Learning & Development

Why Learning and Development Will Be Better in a Post-Pandemic World

Overnight, most organizations had to completely change how they developed and delivered their training experiences in response to COVID-19. The learning and development (L&D) industry wasn’t known for its agility. Courses often took weeks to develop, and it took months to ensure each employee was able to attend lengthy training sessions in white-walled conference rooms.


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It’s why L&D was one of the hardest-hit industries at the onset of the pandemic. McKinsey says roughly half of in-person programs in North America and close to 100% of learning activities in Asia and Europe from March to June 2020 were postponed or canceled.

Not only did COVID-19 force L&D teams to digitize entire courses and programs, but it also meant optimizing workflows to accommodate a more agile future. Here’s what those responsible for L&D must do to keep up with this new reality:

1. Create an Optimal Learning Environment

With COVID-19 restrictions varying by region, organizations need a learning system that can easily adapt to in-person, hybrid, and remote working environments as they roll courses out in a timely manner. This new learning method also needs to be highly engaging, with high retention rates that deliver return on investment.

One of the best ways to ensure your learners accomplish this is by making it as quick and convenient as possible.

As 80% of the workforce comprises deskless workers, mobile learning is quickly becoming the most accessible way to get training out to those in the field who are working remotely or in a hybrid environment. Mobile learning enables teams to easily complete lessons on the go, whenever and wherever is convenient for them.

Deloitte’s use of mobile microlearning in its blended learning strategy is a great example of this. With restrictions varying in each market, Deloitte used mobile deployment to share its COVID-19 awareness “Return to the Workplace” course with its hybrid remote and in-person teams. With learners able to complete lessons in less than 5 minutes, the company achieved a 100% completion rate across 10,500+ Deloitte Australia employees.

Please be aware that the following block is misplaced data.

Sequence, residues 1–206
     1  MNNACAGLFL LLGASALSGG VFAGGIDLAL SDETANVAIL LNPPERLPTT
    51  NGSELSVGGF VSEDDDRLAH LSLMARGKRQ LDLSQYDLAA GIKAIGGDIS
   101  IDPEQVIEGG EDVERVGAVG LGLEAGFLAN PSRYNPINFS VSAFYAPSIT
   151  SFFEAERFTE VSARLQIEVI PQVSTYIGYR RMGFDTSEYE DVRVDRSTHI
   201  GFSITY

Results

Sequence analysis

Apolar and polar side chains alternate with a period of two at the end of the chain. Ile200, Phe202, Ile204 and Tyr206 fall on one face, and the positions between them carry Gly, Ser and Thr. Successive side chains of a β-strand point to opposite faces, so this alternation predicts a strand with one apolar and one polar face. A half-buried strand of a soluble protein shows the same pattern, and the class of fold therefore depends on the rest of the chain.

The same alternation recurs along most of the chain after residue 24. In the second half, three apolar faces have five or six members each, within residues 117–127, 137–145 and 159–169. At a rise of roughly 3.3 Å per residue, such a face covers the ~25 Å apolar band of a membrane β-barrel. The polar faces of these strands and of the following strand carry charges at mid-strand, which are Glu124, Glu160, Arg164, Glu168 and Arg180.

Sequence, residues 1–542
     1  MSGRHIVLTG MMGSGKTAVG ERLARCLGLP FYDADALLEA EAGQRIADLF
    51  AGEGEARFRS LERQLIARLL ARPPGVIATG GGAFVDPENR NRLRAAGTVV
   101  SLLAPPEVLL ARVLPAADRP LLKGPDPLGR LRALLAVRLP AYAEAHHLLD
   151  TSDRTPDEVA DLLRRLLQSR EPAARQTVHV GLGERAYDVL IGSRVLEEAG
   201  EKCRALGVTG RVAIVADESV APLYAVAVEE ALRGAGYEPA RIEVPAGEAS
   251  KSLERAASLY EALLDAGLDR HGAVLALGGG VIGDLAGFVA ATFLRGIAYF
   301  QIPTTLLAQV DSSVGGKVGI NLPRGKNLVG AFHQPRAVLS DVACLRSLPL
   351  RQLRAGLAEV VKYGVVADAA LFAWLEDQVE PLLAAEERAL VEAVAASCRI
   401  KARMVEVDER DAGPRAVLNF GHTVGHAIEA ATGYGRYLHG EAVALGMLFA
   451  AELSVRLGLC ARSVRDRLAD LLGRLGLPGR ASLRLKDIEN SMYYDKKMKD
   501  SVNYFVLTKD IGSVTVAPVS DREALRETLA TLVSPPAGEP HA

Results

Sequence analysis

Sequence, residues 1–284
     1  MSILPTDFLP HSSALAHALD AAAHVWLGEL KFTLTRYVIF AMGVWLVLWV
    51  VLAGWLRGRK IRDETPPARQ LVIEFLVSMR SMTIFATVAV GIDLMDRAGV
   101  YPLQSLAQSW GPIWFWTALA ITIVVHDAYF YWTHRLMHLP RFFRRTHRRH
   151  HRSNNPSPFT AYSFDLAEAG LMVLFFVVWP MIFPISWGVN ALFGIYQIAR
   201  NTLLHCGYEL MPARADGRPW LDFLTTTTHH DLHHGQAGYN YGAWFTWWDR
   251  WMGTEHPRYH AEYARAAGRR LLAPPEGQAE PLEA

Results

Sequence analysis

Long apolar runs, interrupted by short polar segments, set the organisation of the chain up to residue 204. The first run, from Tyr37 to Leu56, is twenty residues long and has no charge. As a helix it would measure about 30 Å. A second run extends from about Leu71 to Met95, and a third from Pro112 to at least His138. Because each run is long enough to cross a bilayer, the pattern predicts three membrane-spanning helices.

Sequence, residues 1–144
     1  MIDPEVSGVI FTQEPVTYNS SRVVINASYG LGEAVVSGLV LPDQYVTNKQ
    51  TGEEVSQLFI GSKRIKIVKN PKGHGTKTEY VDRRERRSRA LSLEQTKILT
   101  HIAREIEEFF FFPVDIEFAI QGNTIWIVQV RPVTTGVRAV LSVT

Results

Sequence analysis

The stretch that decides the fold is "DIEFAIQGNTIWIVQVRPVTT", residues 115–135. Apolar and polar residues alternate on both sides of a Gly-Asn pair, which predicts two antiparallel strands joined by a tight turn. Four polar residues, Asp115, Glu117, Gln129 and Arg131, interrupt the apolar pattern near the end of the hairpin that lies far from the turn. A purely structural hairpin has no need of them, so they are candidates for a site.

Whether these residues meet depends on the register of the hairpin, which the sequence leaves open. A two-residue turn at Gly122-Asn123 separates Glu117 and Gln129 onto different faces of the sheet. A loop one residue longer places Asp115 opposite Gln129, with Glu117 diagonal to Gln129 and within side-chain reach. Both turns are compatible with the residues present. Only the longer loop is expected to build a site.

2. Fight the Forgetting Curve

Studies have shown that human memory can only hold up to five new pieces of information before they get lost or overwritten. This typical “forgetting curve” means that learners tend to forget more than 50% of new learnings within 20 minutes after the lesson—and that decreases to 25% knowledge retention in a month’s time if no revision or repeat learning takes place.

By deploying bitesize concepts that can be completed in as little as 5 minutes, microlearning results in learner engagement rates of up to 90%. It also means that the learned content has a better chance of being stored in long-term memory and that learners can start to slowly apply their knowledge in practical situations. Because the content is short and snappy, it also reduces development costs by about half and increases the speed of development by 300%.

3. Ensure L&D Works for All Employees

When employees understand and accept the “why,” they are more likely to be productive when tasked with learning interventions. Be deliberate in understanding your team, their preferences, and how you communicate any new learning interventions.

This will enable your L&D team to achieve greater completion rates with less follow-up required, as your employees will see the value it adds to their current and future roles.

Australian pharmacy retailer Bloom’s The Chemist needed flexible training that would accommodate its rapid hiring needs at the onset of the pandemic. By employing mobile learning, Bloom’s 1,500+ employees were able to complete training on their mobile phones whenever they had 5 minutes to spare. Managers were able to send notifications to employees who had not done the training, improving completion rates without compromising employee health, safety, or compliance.

There are many lessons as the L&D industry continues to make learning more agile and dynamic than ever before. Experiences must be learner-led and learner-focused. By creating the best-possible learning environment, delivering engaging content, and ensuring that new and existing courses are created with your teams in mind, the future of workplace learning will continue on this new path of agility and blended learning experiences.

Darren Winterford is CEO at EdApp, an all-in-one learning platform that’s built for mobile. EdApp is currently running The Mobile Training Challenge, whereby the company will convert existing training in any format into mobile-friendly courses in less than 24 hours. Learn more at edapp.com/mobile-training-challenge.

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